While the above example is only intended for illustrating the teachings of the present invention, it is possible that modified or alternative IOL designs can also be used for achieving the accommodation. For example, the alternative two-part lens design shown in FIG. 3 can be utilized for the same accommodation purpose. In this example, the first part is the central optic body (8) surrounded by the second part haptic body (9) with a ring-like structure except that it is not a closed ring because a slice of the ring structure has been cut out (10). The central optic body is made from a shape-memory material which is soft and susceptible to the compression force, while the ring structure is made from a less soft material. When the capsule contracts during accommodation, the central optic body will be forced to change into a second configuration with a second diopter while the ring simply functions as a medium to transmit the contraction force. When the contraction force is gone during unaccommodation, the central optic body recovers back to its initial first configuration with the first diopter power. The important feature of this design is to allow a surgeon to implant the haptic body and the central optic body separately into the capsule. The diameter of the optic body is preferably in the range from a minimum of about 4.5 mm to approximately 9 mm. In a normal implantation procedure, the ring haptic body is inserted first through a capsulorhexis to stabilize the capsule after the aged natural crystalline is removed. The outer diameter of the ring haptic body is preferably in the range of about 9.5 to 11 mm, although, in extreme cases, it may go as low as about 8 mm or as high as about 13 mm.

In accordance with another preferred embodiment of the present invention, there is a full size accommodative IOL which can be made from two different materials having different properties, such as softness or refractive index. For example, FIG. 5 is a full size design with the outside skin layer portion (12) made from a shape-memory material and its soft core portion (11) made from a second material with or without shape-memory properties. The shape-memory materials suitable for making the outside skin layer portion include, but are not limited to, acrylic polymers, silicone, collagen containing polymers, and the mixture thereof. Preferably, the skin layer material is selected from shape-memory crystallizable elastomers disclosed in PCT publication WO 01/89816 A1, and herein incorporated by reference. On the other hand, the core portion of the IOL is selected from liquid-like materials comprising (1) inorganic liquids, such as water or saline; (2) organic fluids, such as liquid alkanes, mineral oils, silicone oils, or waxes with melting temperatures at or below about 37° C.; (3) gels, such as silicone gels or hydrogel gels. It is not necessary to have the shape-memory properties for the core portion structure of the IOL. Generally speaking, the thickness of the outside skin layer of the accommodative IOL shown in FIG. 5 can vary from about 0.1 mm to about 2 mm, preferably from about 0.1 mm to about 1 mm, in order to achieve the optimal flexibility such that the eye muscle can effectively change the shape of the IOL once it is implanted inside the capsule. The thickness of the skin layer can be uniform or non-uniform in the posterior surface and in the anterior surface. This composite full size lens design can be used as an accommodative IOL in a similar fashion to the IOL given in FIG. 2, except that the IOL in this case is more susceptible to the eye muscle force because the fluid-like core portion of the IOL has a lower resistance than the IOL made from a homogenous shape-memory material as shown in FIG. 2. The configuration of the core portion of the IOL can be any geometric shape which can provide sufficient optical diopter power for a patient. Possible configurations of the core portion structure include, but are not limited to, biconvex (FIG. 5), biconcave (FIG. 6), convex-concave, plano-plano (FIG. 7), plano-convex, plano-concave or other possible combinations (FIGS. 8-10).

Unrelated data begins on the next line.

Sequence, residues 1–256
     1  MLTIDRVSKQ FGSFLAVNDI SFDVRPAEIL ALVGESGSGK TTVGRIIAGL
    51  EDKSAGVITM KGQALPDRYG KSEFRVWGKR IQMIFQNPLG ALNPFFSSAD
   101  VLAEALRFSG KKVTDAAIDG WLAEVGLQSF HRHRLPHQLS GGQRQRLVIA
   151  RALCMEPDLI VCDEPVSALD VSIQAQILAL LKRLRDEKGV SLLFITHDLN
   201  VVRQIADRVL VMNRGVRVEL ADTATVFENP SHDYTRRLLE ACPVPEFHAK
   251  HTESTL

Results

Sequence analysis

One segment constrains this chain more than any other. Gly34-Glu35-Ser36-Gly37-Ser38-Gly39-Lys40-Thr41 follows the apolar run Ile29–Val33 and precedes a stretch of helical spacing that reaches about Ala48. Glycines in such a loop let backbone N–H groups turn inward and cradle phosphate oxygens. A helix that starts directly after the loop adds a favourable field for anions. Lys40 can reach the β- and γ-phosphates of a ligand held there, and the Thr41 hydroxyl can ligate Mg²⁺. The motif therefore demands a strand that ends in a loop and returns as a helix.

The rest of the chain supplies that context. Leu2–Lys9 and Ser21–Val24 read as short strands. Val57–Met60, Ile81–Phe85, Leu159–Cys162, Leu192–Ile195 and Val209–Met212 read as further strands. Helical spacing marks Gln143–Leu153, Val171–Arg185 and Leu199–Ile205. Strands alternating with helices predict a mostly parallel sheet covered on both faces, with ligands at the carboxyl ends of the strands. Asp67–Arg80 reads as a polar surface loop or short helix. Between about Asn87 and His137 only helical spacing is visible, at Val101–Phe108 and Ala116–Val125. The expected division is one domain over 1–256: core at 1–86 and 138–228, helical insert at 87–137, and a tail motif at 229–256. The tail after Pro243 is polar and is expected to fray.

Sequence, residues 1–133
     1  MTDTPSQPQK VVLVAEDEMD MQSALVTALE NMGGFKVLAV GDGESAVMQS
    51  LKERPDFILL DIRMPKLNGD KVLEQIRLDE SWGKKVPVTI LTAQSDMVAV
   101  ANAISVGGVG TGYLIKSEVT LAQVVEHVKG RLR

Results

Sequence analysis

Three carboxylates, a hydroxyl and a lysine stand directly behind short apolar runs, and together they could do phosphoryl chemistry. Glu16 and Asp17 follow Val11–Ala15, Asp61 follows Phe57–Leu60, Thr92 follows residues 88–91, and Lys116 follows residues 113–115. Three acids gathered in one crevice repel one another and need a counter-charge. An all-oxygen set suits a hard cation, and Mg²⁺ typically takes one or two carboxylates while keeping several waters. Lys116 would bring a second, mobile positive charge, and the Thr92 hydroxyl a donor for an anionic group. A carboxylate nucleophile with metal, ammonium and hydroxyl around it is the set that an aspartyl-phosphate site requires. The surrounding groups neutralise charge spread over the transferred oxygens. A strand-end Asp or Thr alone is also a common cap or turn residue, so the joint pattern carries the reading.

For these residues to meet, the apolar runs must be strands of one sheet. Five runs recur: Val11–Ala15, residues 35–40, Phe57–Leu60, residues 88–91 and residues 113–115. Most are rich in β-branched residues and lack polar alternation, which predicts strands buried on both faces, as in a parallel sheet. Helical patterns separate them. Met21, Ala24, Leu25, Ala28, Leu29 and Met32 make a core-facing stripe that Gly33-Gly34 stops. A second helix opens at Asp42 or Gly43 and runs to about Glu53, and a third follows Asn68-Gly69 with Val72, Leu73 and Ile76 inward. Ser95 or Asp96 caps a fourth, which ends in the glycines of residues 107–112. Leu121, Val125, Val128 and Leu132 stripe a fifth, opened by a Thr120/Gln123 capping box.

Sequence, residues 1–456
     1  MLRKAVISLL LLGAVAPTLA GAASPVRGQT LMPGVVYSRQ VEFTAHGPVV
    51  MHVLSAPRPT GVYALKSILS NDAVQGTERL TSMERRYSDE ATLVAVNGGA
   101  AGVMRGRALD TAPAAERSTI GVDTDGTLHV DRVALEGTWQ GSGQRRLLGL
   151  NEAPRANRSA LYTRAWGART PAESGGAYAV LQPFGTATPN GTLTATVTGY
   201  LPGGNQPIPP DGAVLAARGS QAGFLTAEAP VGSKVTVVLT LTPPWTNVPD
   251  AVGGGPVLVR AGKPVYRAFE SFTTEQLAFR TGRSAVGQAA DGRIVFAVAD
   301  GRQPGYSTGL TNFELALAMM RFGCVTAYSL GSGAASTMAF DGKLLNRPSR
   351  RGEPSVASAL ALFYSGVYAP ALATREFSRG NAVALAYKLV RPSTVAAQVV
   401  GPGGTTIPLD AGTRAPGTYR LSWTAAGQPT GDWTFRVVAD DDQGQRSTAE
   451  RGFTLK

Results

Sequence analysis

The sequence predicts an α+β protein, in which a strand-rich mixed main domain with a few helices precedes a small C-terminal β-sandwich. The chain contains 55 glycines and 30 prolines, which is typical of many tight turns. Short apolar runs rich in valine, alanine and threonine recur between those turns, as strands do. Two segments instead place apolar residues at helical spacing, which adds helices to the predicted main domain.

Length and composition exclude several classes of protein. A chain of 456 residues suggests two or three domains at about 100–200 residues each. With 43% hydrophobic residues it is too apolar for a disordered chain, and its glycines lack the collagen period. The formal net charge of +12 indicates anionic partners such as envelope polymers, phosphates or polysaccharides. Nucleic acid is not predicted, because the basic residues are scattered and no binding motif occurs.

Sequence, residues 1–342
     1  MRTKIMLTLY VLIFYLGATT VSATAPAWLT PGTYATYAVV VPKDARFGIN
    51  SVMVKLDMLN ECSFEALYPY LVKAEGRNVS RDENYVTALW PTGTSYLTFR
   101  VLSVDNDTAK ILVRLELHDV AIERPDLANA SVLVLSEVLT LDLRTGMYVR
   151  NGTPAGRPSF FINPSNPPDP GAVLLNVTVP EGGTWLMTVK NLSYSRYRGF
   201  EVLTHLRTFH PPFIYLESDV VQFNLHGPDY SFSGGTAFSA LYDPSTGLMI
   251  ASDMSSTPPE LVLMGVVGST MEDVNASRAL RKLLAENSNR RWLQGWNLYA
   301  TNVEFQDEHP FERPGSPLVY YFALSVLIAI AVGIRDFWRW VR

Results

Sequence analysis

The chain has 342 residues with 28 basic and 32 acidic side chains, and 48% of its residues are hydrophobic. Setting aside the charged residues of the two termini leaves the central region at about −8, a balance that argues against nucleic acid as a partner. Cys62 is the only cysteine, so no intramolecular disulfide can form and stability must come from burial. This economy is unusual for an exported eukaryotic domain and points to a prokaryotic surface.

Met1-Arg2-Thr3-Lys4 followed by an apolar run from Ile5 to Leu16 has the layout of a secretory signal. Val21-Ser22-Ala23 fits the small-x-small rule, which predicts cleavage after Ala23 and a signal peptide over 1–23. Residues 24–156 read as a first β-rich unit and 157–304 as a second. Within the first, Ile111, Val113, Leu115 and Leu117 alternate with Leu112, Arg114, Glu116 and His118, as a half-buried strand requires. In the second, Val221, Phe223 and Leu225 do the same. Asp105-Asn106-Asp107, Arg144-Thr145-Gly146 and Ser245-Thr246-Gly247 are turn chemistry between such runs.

In accordance with another preferred embodiment of the present invention, there is a method for implanting the accommodative IOL into the capsule after the aged crystalline lens is removed. The method comprises (a) providing an accommodative IOL, made from a flexible optical material, in its first configuration having a corresponding first optic diopter (D1) and resolution predetermined for a patient's specific refractive error, and at least one dimension equal to or (preferably) larger than the corresponding dimension of the patient's capsule; (b) removing an aged human crystalline lens surgically; (c) implanting the accommodative IOL into the patient's capsule wherein the IOL changes from its first configuration to a second configuration due to the restriction of the IOL inside the capsule. This results in a change in the IOL's optic power from its first diopter (D1) to a second diopter (D2). The difference between D1 and D2 is generally in the range of about 1-5 diopters, preferably in the range about 2-4 diopters, most preferably about 3 diopters.